However, I recommend starting both tracks at the Water Tank, but not at the official parking because cars frequently get stuck on the steep and sandy ascent. The longer Crack in the Wall track, the circular tour, passes the water tank at the trail's end. If you do not park your vehicle here, you must walk another hour on the sandy road after the strenuous hike. So, I recommend doing this in the morning when temps are still pleasant.
Do NOT go into the expansive Grand Staircase without this detailed map. For large amounts of time, you will not have cell phone service. It's a great alternative to a mapping app or for planning. The map delivers unmatched detail and valuable information to assist you in your exploration of this remote and colourful wilderness. It is printed on durable synthetic paper, making them waterproof, tear-resistant and tough.
Jacob Hamblin Arch Trail - Day Hike
You can apply for an overnight permit at the Escalante visitor centre or fill out a form at the trailhead for a multiple-day hike or hike to Jacob Hamblin and the Coyote Natural Bridge in one day. I describe in detail the two existing day hikes.
The Crack in the Wall to Jacob Hamblin Arch
- Length: 13 mi/ 21km
- Duration: Roughly 9 hours with breaks and photo stops
- Elevation Loss and Gain: 1.010 ft/ 308 m
- Detailed Hiking Map by Locus Map
The Crack in the Wall hike to Coyote Gulch and Jacob Hamblin Arch includes all highlights, leading east to west through Coyote Gulch. This trail can be hiked as a circular trail through the Cracks, Coyote Gulch and up on the Sneaker Route. The track through the cracks is the most exciting IMO, and that's what we had planned. The crack is so narrow that you must squeeze through and rappel your backpack beforehand.
When you reach Coyote Gulch, the trail leads west through the creek and canyon to Jacob Hamblin Arch. Here we wanted to hike up, which is possible without a rope with mountaineering experience, but climbing skills are essential!!!
We live close to the alps, and we are experienced, but I was glad about the rope. Because of the heat during the day with temperatures in the high 90s, we chose the shortest hike, the "Sneaker" or "Water Tank" Route.
Sneaker or Water Tank Route
- Length: 10.5 mi/ 17 km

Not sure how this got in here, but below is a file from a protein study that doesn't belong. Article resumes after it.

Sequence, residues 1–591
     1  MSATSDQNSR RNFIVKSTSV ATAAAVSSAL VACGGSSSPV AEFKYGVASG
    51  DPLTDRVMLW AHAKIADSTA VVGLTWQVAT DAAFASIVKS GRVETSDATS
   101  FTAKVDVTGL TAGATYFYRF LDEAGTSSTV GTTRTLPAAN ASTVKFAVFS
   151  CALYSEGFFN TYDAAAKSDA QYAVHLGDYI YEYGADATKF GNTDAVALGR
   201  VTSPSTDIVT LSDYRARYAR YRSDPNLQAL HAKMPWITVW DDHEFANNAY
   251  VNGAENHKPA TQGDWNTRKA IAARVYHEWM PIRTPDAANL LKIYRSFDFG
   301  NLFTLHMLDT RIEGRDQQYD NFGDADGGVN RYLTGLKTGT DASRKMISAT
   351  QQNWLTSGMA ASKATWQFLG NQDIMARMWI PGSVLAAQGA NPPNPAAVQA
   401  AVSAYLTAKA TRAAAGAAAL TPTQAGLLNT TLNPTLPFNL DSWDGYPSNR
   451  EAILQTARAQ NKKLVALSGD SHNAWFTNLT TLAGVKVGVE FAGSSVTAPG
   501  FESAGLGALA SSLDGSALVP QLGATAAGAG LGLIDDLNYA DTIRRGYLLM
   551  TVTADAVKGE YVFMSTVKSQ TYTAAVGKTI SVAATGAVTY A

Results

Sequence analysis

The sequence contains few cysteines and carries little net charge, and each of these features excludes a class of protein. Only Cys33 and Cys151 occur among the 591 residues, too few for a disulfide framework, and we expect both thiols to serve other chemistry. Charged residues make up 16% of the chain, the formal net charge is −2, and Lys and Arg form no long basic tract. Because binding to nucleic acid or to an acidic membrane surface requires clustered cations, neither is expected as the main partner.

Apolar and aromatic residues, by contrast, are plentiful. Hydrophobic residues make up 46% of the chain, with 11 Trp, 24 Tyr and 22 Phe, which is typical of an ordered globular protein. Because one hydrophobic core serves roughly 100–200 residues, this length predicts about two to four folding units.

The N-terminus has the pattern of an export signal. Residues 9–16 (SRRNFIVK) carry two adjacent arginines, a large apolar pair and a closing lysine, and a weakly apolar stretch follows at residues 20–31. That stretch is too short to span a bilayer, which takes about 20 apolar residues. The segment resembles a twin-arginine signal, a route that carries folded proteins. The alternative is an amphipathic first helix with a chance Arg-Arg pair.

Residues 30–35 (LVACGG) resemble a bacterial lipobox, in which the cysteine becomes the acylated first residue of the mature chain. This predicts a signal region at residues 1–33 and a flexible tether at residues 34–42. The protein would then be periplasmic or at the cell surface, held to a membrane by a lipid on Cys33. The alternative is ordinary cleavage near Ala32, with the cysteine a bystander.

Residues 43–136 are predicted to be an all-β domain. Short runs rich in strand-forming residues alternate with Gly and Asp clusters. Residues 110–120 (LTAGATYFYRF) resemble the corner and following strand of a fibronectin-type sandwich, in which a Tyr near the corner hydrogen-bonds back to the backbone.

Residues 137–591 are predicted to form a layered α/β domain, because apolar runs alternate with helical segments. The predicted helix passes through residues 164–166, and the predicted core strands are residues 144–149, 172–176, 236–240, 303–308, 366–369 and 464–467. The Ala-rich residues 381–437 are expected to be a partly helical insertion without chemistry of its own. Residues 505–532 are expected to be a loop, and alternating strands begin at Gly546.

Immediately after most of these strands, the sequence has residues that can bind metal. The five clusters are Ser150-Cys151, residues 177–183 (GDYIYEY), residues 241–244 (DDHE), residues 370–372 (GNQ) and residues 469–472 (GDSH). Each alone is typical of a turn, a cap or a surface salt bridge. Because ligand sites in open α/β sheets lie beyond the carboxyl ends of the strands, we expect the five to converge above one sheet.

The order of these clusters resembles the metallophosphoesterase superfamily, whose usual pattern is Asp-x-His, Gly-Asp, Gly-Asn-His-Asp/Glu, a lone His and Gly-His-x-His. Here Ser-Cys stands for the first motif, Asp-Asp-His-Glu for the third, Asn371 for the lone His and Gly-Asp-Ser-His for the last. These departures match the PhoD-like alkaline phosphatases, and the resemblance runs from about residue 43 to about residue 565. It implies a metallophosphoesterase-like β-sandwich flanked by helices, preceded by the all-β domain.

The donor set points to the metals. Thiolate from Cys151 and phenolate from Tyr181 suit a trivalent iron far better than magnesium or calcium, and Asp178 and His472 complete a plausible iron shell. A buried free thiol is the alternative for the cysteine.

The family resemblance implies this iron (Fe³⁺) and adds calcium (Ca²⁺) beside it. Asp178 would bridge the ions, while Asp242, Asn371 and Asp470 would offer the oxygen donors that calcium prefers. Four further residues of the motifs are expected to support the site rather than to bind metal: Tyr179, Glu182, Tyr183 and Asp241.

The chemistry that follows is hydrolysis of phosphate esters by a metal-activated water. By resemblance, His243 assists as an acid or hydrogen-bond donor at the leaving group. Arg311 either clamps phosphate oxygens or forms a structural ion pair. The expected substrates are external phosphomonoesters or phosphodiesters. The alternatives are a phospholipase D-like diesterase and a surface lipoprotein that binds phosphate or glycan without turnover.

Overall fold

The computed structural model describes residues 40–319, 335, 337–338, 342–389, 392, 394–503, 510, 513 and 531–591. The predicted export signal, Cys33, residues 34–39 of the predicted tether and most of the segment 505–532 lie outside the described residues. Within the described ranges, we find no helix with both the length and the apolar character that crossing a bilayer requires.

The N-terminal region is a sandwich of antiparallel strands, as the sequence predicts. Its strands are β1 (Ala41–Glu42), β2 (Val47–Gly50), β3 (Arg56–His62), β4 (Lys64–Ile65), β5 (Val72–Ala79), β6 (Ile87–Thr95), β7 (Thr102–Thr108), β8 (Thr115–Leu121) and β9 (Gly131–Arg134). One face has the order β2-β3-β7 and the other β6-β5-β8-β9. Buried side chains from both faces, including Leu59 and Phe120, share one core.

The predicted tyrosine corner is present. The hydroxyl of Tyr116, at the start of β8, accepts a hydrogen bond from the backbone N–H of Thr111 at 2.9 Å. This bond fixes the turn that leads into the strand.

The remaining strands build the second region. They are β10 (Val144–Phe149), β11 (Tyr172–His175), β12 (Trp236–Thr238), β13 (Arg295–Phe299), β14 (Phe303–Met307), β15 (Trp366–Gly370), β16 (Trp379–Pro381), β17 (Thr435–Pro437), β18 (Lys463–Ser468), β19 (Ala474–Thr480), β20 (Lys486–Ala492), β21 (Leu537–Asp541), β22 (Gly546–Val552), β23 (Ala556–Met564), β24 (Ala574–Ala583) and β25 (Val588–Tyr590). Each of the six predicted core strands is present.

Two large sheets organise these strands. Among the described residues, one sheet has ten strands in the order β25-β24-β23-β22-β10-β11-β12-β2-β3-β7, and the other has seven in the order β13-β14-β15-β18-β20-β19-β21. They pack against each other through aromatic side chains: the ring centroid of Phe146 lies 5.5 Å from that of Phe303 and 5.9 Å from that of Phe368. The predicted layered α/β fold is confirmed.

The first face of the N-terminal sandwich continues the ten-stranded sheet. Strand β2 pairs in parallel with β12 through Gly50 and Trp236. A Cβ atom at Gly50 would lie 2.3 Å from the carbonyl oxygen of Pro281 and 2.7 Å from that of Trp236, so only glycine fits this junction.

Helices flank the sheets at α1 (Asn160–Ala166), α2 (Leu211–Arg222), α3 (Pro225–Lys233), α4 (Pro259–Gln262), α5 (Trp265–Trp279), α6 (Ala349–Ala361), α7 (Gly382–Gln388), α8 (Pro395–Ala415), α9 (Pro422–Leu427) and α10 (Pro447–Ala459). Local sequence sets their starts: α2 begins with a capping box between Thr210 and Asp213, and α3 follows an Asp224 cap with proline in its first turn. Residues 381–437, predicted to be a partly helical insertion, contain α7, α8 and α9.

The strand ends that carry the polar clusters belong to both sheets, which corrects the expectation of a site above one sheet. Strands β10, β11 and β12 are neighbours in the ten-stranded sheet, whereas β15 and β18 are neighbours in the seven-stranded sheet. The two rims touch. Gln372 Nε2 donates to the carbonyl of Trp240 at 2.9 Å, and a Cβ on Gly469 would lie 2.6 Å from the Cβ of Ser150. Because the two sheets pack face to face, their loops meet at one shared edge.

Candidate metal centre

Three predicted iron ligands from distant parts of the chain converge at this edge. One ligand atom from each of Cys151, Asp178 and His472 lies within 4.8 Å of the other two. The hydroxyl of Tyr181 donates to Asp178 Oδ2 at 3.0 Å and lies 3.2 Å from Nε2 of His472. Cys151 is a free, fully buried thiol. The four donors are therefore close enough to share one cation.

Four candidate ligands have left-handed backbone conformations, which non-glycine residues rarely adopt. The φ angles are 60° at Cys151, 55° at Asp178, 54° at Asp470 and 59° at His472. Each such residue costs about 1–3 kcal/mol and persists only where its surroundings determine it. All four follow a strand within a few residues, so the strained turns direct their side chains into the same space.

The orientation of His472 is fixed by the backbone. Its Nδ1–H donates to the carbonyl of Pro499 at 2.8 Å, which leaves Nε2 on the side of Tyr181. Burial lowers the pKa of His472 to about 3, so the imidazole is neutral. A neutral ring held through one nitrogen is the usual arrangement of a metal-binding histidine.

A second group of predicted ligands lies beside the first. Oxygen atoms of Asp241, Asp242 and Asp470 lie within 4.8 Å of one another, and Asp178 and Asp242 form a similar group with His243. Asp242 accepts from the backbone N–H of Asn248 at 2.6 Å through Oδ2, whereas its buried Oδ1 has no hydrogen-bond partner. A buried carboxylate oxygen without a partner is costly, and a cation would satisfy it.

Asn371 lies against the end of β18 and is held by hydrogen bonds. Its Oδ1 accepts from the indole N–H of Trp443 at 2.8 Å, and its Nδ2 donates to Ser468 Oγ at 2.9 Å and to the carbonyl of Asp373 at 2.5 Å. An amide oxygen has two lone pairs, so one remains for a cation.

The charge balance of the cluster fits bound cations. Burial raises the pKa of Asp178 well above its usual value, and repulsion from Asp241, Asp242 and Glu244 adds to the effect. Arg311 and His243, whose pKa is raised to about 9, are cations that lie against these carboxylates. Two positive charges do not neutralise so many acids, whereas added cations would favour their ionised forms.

- Duration: 6 ½ h – walking 4.15 h
- Elevation Loss and Gain: 3.160 ft/ 964 m
- Our detailed Hiking Route by Locus Map
This is the shortest route to Jacob Hamblin Arch, but a rope is essential. I recommend this trail in summer because of the heat, but only if you have climbing skills and a rope! We spent the night before along the Hole in the Rock Road and arrived before 9 am at the trailhead.
Luckily a group of hikers from Salt Lake City planned to hike to Jacob Hamblin Arch on the Sneaker route, carrying a 60 meters rope.
Mid-June is already hot, and we were glad to join them instead of the longer trail through the cracks. It took us just 50 minutes to the cliffs from where you are able to see Jacob Hamblin Arch from above and where the path leads down on a steep climbing route.
I can't say if there is always a rope hanging, but there was this year and last year as well. However, it does not reach all the way down. Roughly 33 ft/ 10 m are missing, and it is already quite a climb down and later up again on this rope-free section.
The climb is steep and leads over slick rock; hands are needed if there isn’t a rope. But I wouldn’t go down nor up without a rope. Look at our video to understand the conditions. YouTube Video
When we reached Coyote Gulch, we first changed our shoes and walked in Teva through the refreshing creek to the left. The arch and the light here reflect a breathtaking orange shimmering canyon wall.
Afterwards, we went back in amazement about the beauty of this place and how tiny we were. We continued in the other direction through the canyon and creek to the Swiss Cheese Falls and Coyote Natural Bridge. This magnificent piece of nature is still secret and excellent for an overnight stay.
Escalante - Research and Study Area
11 Tips – Need to Know – Packing List
- Take out what you took in.
- Almost no cell phone reception or internet
- Download a hiking app and driving directions before.
- Be aware of the summer heat; carry more water than you think you may need, or treat the water from the creek.
- Drink electrolytes throughout the year because it is a strenuous hike, and sweating is part of it.
- Carry high-energy food.
- A headlamp, especially from fall to spring, during shorter daylight hours
- If you plan to do the “Sneaker Route”, carry a 60 m rope in case.
- Bring Teva or similar shoes for hiking through the creek in Coyote Gulch; awesome in summer.
- Sun protection throughout the year because of the elevation and shade in the canyon only in the morning.
- Biodegradable insect repellent; horse flies can occur along the creek (Markus got bitten by one)
Please contact me if you wish to use any of my photos, but I will take action against picture theft.